A picture taken “exclusively by the Weekend Australian” reveals that military intimidation was not China’s only objective during this week’s marine invasion of our harbour.
The picture plainly shows sailors of the People’s Revolutionary Army loading supplies of baby formula from a van onto one of their warships.
This week, three vessels of China’s taskforce turned up like home invaders in the middle of the night, without the knowledge of anyone it would seem but Prime Minister Scott Morrison. We reckon he didn’t know either but is claiming he did. Already, he is due for an interesting confab with NSW Premier Gladys Berejiklian, who was left in the dark along with the rest of the country.
In an article in Thursday’s The Australian, former coalition minister Concetta Fierravanti-Wells accused Mr Morrison of callowly allowing Beijing to “dictate terms” and suggested he was “outmanoeuvred by Beijing”. Moreover, well after we had, she called bullshit on Morrison’s excuse that three Celestial ships had just returned from counter drug-trafficking operations in the middle-east. She said this was “misleading to the Australian public.”
Senator Fierravanti-Wells was a victim of the factional stoush during last year’s leadership spill, backing Peter Dutton. She quit when he lost, but in her former portfolio of International Development and The Pacific she maintained a hard line on China accusing them of building “useless buildings” and “roads to nowhere”.
Meanwhile, Australian Policy Institute executive director Peter Jennings was scathing, saying, “There’s been a pattern over the years where we only find out about senior (People’s Liberation Army) officials visiting after they’ve left.”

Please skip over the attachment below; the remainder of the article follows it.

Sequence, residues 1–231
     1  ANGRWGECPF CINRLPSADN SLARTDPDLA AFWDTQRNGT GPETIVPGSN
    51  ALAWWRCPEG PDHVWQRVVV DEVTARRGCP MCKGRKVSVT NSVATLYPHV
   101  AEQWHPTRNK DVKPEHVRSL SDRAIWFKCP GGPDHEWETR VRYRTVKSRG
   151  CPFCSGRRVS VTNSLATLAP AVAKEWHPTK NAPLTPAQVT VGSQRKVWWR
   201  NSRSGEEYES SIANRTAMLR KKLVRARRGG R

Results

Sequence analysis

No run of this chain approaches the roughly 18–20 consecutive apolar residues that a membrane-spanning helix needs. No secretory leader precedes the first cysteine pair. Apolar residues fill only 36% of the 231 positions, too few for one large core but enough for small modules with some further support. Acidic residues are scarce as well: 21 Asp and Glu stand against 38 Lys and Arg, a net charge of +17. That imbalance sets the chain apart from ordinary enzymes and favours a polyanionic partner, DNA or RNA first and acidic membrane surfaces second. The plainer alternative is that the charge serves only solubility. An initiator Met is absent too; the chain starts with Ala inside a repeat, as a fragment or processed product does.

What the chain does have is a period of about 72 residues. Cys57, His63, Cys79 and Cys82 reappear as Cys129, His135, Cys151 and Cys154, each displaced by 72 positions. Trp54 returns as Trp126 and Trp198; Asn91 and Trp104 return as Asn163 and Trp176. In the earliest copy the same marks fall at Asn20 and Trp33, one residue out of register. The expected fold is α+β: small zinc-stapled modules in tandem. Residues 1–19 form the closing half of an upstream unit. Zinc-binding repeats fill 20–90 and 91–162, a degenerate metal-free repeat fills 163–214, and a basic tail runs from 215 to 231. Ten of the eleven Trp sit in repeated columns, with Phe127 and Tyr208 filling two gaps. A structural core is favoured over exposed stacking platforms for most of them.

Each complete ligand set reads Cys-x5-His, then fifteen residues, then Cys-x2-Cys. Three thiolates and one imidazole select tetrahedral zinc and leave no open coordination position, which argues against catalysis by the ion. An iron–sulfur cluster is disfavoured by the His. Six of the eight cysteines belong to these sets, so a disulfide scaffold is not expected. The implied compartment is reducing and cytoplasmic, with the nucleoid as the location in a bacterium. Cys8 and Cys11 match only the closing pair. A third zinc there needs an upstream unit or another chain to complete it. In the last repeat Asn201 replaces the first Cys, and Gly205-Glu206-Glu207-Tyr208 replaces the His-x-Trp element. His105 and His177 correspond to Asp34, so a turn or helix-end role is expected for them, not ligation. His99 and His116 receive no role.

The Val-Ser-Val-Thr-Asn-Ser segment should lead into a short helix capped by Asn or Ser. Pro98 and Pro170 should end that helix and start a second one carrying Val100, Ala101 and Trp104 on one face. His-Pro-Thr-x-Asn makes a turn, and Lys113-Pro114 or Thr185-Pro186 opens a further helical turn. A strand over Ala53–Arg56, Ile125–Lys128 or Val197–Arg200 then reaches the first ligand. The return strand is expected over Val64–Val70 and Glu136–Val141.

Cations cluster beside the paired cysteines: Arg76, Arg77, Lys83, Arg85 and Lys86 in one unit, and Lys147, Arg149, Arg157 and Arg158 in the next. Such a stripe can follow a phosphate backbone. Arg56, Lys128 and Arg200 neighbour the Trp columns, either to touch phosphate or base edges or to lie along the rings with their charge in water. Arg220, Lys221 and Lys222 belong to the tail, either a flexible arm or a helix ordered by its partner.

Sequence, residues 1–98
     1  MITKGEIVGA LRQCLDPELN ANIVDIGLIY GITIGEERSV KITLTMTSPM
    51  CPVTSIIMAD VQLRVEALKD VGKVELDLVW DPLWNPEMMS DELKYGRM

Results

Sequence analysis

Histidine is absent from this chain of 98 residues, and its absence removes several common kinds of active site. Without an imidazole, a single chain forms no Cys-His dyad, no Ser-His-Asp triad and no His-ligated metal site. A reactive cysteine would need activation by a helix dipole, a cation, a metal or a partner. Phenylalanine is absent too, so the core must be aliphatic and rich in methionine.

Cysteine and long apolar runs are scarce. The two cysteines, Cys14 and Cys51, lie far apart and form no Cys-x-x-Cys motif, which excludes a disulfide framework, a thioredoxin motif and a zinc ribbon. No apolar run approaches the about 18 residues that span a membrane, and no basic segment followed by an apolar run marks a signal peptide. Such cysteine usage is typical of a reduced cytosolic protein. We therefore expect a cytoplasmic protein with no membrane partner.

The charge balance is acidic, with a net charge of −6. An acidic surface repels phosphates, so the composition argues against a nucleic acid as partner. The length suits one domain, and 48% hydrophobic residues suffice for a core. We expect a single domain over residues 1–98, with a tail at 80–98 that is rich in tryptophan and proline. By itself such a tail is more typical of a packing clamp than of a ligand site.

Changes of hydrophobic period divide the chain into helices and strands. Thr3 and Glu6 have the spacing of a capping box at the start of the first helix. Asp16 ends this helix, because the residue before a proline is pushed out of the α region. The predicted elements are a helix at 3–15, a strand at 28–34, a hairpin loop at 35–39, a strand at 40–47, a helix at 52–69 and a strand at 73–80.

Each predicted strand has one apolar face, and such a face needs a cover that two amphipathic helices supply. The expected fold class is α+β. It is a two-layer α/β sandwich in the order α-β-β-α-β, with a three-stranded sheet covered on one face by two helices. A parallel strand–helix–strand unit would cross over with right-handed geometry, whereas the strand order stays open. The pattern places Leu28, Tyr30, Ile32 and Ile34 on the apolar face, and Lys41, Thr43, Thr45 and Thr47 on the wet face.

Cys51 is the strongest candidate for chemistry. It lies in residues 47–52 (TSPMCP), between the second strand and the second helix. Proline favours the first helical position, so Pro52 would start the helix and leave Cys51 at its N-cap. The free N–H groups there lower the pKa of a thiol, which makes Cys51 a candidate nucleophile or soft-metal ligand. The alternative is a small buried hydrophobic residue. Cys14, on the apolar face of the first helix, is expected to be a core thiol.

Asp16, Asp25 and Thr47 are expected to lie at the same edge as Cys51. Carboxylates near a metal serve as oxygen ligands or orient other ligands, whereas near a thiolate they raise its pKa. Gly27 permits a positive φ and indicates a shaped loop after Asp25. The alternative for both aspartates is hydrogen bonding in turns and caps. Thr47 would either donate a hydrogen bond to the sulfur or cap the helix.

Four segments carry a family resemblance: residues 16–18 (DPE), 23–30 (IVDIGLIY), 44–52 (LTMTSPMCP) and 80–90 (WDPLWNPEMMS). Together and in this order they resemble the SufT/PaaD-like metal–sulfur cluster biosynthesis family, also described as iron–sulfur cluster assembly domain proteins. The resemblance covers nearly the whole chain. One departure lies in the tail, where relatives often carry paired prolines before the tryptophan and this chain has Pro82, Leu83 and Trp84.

However, we were all wrong, or only just half-right it would seem, since the frigate Xuchang, the supply ship Luoma Hug and the amphibian platform dock Kunlun Shan were really here to grab supplies stocked away by greedy daigou shoppers; students and other Chinese with various visas acting here for China’s interests. The display of naval power was just in case customs tried to intervene. See, back in the Imperial motherland things are so corrupt that it turned out their babies were being fed rats’ milk which led to a colossal panic. Certain business people were either shot or had their body organs harvested while the average Chong no longer trusted domestic milk supplies leading to a black market in the Aussie stuff. Subsequently, Australian babies have in many cases gone hungry because of militant teams of Chinese ‘daigou’ shoppers raiding supermarket shelves and shipping the stuff overseas, at a thousand-percent markup.
Yesterday, five nationalists from the Australia First Party heeded the New Australian Bulletin’s call to go out and confront the Chinese. Their small presence spoke volumes politically and put the rest of us to shame.